Shuttle Chicken

Space Shuttles Discovery and Endeavour face off outside Orbiter Processing Facility-3 (OPF-3) at the Kennedy Space Center in this NASA handout photo dated August 11, 2011. The two orbiters, following the agency's final shuttle mission, are being readied for a ceremonial "epic smash joust" to provide a dignified send-off to the 30-year Space Transportation System program. Photo: NASA / Reuters

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  1. Shouldn’t they just retrofit them so we can keep using the shuttles for important tasks, like clearing debris out of the path of working satellites?

    1. What do you mean “retrofit” them?  Even if you meant “automate” them to work without a crew, they would still need 15,000+ people to maintain and launch them (actual #s, not an exaggeration or overestimation).

      It is MUCH cheaper just to build and launch a new satellite–or give every satellite a bit more propellant to move away from incoming debris.

      NASA is also funding the development of new spacecraft to take astronauts and cargo to the International Space Station and beyond.  These new vehicles will be cheaper to operate and could do any of the tasks you’re described!

  2. I hate seeing the Orbiters without their OMS. They look… naked, somehow. Very, very, sadly stripped.

    @jsepeta:twitter, it’s not a question of a refit or update (I believe the most recent refits occured in 2005) – it’s to do with the economics of spaceflight through the use of the Shuttle. What with wars and debts to pay for, at US$1bn a launch it was something easily cuttable.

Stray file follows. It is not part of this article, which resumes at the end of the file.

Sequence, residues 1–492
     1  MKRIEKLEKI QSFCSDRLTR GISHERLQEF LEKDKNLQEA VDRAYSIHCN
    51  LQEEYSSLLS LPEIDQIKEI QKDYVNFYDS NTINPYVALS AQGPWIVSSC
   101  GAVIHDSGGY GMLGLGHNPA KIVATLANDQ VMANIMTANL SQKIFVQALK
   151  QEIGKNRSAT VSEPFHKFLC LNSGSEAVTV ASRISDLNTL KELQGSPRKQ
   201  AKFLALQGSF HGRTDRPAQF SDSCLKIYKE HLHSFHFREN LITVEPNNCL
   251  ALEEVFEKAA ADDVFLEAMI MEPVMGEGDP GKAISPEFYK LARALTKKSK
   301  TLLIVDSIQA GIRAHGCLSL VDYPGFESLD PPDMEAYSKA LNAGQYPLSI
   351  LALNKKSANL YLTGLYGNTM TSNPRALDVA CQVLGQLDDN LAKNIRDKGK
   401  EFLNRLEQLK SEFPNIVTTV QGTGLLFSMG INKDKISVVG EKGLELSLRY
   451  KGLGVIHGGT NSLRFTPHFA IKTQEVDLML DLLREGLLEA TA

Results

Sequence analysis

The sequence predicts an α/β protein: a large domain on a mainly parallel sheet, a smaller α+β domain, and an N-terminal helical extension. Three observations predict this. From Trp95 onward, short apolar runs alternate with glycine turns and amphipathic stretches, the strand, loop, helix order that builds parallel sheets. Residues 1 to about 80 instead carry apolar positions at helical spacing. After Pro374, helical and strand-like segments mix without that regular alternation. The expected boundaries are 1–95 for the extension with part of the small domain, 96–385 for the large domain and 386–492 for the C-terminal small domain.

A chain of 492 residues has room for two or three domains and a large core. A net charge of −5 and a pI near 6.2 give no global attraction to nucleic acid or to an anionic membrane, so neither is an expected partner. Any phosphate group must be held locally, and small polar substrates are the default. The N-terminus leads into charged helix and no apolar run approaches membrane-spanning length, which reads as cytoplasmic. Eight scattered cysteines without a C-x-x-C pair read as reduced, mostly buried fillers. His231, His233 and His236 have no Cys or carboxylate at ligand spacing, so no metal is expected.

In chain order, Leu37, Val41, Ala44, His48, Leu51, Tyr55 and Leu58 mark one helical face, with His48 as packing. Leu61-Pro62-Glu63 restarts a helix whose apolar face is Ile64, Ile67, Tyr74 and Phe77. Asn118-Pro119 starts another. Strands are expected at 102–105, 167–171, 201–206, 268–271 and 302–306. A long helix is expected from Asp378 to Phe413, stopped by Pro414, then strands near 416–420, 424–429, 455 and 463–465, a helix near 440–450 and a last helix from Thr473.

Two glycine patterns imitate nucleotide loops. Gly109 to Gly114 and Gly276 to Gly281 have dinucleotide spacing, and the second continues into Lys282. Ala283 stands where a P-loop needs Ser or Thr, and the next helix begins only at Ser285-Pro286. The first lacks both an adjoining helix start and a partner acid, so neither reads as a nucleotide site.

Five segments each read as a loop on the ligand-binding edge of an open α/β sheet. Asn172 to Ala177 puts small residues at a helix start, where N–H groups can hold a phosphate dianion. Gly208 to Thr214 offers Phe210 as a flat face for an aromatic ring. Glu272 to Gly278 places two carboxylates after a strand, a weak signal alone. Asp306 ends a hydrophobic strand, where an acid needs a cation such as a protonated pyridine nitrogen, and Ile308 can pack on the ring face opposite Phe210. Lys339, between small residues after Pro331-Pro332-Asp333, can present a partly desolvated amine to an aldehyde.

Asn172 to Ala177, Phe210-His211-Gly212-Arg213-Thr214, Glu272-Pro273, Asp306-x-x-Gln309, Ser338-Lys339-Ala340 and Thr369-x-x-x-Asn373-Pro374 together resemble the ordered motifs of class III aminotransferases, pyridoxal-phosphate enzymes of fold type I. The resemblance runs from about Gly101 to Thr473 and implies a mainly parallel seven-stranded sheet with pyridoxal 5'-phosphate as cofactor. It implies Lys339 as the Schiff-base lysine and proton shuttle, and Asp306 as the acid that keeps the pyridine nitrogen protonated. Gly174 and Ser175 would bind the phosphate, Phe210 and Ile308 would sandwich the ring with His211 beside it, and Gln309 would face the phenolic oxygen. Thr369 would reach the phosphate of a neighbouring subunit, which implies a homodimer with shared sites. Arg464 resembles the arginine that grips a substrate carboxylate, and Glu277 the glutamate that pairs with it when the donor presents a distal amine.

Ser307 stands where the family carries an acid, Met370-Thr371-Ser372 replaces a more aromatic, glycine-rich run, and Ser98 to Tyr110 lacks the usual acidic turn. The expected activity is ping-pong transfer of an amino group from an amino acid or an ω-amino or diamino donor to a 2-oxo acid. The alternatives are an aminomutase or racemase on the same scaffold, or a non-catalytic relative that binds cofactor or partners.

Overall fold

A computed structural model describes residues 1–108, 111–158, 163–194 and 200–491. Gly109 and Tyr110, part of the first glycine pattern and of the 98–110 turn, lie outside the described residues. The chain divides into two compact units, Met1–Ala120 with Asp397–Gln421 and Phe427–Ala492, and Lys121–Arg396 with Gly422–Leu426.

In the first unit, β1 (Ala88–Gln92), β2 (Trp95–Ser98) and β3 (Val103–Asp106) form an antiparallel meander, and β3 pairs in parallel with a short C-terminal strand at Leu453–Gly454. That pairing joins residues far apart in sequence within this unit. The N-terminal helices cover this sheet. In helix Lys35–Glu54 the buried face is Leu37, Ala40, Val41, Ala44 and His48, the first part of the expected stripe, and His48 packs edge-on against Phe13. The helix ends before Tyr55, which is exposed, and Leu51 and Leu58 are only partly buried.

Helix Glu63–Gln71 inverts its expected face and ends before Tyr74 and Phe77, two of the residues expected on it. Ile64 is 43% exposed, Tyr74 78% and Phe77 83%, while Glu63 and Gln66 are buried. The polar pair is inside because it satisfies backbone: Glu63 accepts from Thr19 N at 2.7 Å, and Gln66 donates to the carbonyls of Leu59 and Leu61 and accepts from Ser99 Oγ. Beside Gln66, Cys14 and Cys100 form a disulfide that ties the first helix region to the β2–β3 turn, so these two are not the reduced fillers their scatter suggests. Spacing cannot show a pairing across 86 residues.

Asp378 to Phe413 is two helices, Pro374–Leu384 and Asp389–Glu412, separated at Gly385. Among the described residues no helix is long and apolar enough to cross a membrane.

Having said that, while superbly brilliant machines, they were tragically and inherently flawed due to compromises in the design period, and it is right to retire them. They didn’t lift enough, and didn’t reduce the cost enough, to be worthwhile.

    What’s crazy though, is closing down the programme with no clear successor in progress. When Saturn/Apollo stopped flying, work was well underway on the STS. Now there’s just… some vague idea that we want a (cheap) super-heavy-lift, but nothing too concrete.

    1. “we want a (cheap) super-heavy-lift, but nothing too concrete”

      I agree. Concrete, whilst cheap, would make a terrible choice of material for building space going vehicles.
      Some sort of strong lightweight material would probably be better… Maybe titanium or aluminium or even good old steel…

      ;-)  (sorry)

    2. This because one group of politicians wants to continue the pork that the solid rocket boosters have been for their area, and another is going crazy over ROI. End result, a deadlock.

  3. Hrm.  So you’re telling me that they’re going to hang each of them on cranes, then smash them into each other until the more sturdy shuttle remains?   Shuttle Conkers, fantastic!

    At OPF-3, two shuttles enter, one shuttle leaves!

  4. Argh! Why does the paragraph keep changing? The first version says something about “epic smash joust”, but when I go to copy & paste it changes to something more staid.

    1. I managed to snag it for ya: “Space Shuttles Discovery and Endeavour face off outside Orbiter Processing Facility-3 (OPF-3) at the Kennedy Space Center in this NASA handout photo dated August 11, 2011. The two orbiters, following the agency’s final shuttle mission, are being readied for a ceremonial “epic smash joust” to provide a dignified send-off to the 30-year Space Transportation System program. Photo: NASA / Reuters”

    2. That’s a bit of humor from that wacky joker Rob. Turn off JavaScript to disable the on-hover behavior. Make your copy/screen-grab/whatever, then turn JS back on again to access comments.

  5. OK so who has right of way here? Is it the one to the right, or the first to arrive? I think a traffic light would help at this intersection.